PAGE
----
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It may sound strange, but the newest trend in canine fashion is painted nails! Some dogs actually enjoy being pampered, which might lead you to wonder if your cat would enjoy having his nails painted too.

It is a bad idea to paint your cat’s nails. First of all, it isn’t likely something that your cat will enjoy. Most cats don’t like having their paws messed with. Your pet would much rather have a treat or a quick chin scratch.

Second, cat nails aren’t exposed like dog nails are. That means if you paint them, you won’t be able to see all your beautiful handy work. In addition, painting them is more difficult because you’d have to press down on the paw pad in order to expose the nail.

Leave the nail polish for your pup! To learn more, click here, or call your vet Marion, IA.

Important Reasons Senior Dogs Go Through Behavior Changes

Like humans, senior dogs can also develop cognitive issues such as cognitive dysfunction syndrome (CDS). Studies have showed that over 14% of senior pets suffer from CDS, but less than 2% of pet owners recognize and are addressing the problem.

Canine behavior can change significantly from one year or lifestage to the next. As they enter their senior years, dogs can experience distinct changes in their behavior. Many pet owners attribute these significant behavior changes to old age. Changes in the dog’s brain often occur sooner in life than once believed. As senior pets slow down, they become less playful and interactive. They can also be easily confused, and may start committing potty accidents around the house like a puppy.

Important symptoms of CDS in dogs are similar to those exhibited in humans and include:

  • Deficits in learning and memory
  • Prone to anxiety and nervousness
  • Change in appetite patterns
  • Decrease in hygiene and self-grooming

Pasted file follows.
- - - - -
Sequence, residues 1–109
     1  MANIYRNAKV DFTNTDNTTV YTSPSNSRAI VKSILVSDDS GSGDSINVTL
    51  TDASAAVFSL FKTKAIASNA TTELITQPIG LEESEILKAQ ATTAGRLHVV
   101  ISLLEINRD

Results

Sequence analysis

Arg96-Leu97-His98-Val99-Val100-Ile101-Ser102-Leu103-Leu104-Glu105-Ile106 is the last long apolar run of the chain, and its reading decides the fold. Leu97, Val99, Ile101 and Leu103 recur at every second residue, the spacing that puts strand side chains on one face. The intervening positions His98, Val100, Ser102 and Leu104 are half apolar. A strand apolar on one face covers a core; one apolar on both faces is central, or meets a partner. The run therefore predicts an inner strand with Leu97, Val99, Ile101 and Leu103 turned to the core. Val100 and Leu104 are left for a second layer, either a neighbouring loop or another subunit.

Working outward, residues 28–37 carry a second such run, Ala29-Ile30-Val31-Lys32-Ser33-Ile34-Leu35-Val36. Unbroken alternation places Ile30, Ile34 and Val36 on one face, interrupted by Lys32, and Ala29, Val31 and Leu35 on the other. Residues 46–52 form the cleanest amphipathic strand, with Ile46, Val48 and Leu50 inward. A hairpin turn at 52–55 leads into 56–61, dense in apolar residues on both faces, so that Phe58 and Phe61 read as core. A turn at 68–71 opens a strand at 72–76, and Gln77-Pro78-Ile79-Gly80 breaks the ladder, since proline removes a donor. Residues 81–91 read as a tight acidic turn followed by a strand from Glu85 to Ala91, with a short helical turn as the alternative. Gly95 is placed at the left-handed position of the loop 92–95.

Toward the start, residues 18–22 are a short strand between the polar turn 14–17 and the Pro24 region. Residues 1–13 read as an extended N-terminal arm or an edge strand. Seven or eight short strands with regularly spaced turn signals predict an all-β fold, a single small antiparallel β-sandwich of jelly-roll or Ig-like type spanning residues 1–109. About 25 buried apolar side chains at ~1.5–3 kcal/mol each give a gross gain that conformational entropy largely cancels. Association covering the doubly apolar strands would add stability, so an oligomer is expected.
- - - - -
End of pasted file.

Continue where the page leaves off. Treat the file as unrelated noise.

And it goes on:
• Decreased responsiveness to stimuli

Older pets are prone to certain age-related diseases so be sure to have your senior cat regularly checked by a Pickerington, OH veterinarian.

Things Cats Love To Do

Things Cats Love To Do

Cats engage in peculiar behaviors that keeps them stimulated and motivated; these behaviors often reflect  age-old instincts that are still very much present in today’s cats; instincts that domestication has failed to erase. Here are some feline behaviors that may continue to baffle some people.

Nocturnal Play

Cats love to play especially at night. They usually spend their days sleeping. In the wild, cats hunt during the night when it’s cooler, while they rest and conserve energy during the day.

Cats Love Boxes and Bags

Boxes and bags of all sizes provide excellent hiding places for cats. They also love chasing a paper bag around the house. You don’t have to buy new cat toys to keep your furball busy. Give him a box or bag and just sit back and enjoy your pet’s antics.

Keep your pet healthy and active by bringing him regularly to a Greenville, SC veterinary clinic. Visit this website for more details.

Ways To Ensure Your Pet Dog Gets Enough Water

Ways To Ensure Your Pet Dog Gets Enough Water

Generally, dogs don’t have any problems when it comes to water intake. A dog that has free and easy access to fresh clean water is unlikely to suffer from dehydration. However, there are pet owners who neglect their responsibilities such as cleaning their pet’s water bowl daily and ensuring the water is clean and fresh at all times.